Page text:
Monday, April 12, 2010

James Dashner is Evil

I read The Maze Runner by James Dashner recently and came to the conclusion that he is evil. Each night, I planned on reading just a chapter or two before going to bed, but nooooooooo. Before I knew it, an hour and several chapters would go by and I still wanted to keep reading. Doesn't he know that I need my beauty sleep?!

Seriously (I'll try, anyway), The Maze Runner is one of the most incredible books I've read in quite a while. At first, I was baffled as to why. The subject matter is not normally something I would be interested in. I normally want light and funny. The Maze Runner isn't either of those; not even close. So I would say that this book is not for younger readers or those prone to nightmares. There are some very dark and scary images created. In fact, I had some really weird dreams after reading (i.e. don't read at night if you can help it). They had something to do with walls closing in on me while I was being chased by some cross between a cow and a slug (aha! There's another part to his diabolical machinations – to give me bizarre dreams).

So why do I like it so much? I've pondered that for a while and kept asking myself this as I kept turning pages into the late night hours. For one thing, he does something similar to what I do: write short chapters with some kind of 'cliff hanger' ending that propels you forward. I call these Frito Lay chapters, because you get to the end and say, “Just one more, just one more.”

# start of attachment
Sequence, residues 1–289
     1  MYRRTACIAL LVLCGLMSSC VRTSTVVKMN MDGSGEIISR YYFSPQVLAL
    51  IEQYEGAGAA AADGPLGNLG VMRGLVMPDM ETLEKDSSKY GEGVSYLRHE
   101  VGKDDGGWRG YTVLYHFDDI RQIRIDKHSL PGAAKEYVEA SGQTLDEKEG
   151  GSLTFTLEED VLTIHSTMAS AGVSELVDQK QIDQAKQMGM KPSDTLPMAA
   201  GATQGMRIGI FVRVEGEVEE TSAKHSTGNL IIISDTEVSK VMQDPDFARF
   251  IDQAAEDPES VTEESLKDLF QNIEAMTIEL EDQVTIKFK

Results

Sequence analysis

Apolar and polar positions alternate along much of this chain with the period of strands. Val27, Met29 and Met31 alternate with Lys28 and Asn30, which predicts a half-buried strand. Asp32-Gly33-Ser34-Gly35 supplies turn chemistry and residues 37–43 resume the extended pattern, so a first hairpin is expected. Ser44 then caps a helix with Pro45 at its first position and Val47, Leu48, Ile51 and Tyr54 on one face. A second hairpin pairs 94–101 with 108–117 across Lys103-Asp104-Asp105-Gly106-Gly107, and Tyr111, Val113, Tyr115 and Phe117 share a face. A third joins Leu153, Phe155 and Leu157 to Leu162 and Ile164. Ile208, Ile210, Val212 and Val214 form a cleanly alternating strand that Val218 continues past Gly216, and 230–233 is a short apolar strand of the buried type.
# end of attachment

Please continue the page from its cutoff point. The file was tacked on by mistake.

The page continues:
The story begins with a boy named Thomas who finds himself with no memories of his past and in the middle of a community of teenagers with the same problem. They are surrounded by a maze that changes every day and closes at night while these monstrous things, called Grievers, patrol the maze. Dashner explained on his website that he wanted to mix The Lord of the Flies with Ender's Game. I think he did that pretty well. Of course, I hated Golding's premise in Flies that boys, when left without adult supervision, will turn evil. I appreciate that Dashner took the opposite philosophy; that people are inherently good and will seek to do the right thing.

As far as my rating system goes, I give it a: L-8/S-0/VG-110/AD-0. The L is language, which was technically pretty clean, though there was a lot of swearing. Dashner used made-up swear words to avoid the real ones. The other 8 instances, I believe, were all 'crap'. The book had some fairly violent and gory sections, hence the 110 rating. Broken down, it scored 83 for violence and 27 for gore. And, of course, there was no sex or alcohol usage.

I highly recommend this book for those who don't mind a little violence and want a good, suspenseful read. I would suggest it for older teens and up, though some younger readers may be okay with the scary imagery. I suggest that the parents read this book first if you have a question about whether or not your child can handle it. I can't wait for the sequel.

There, now that I'm done reading it, I can get caught up on my sleep.

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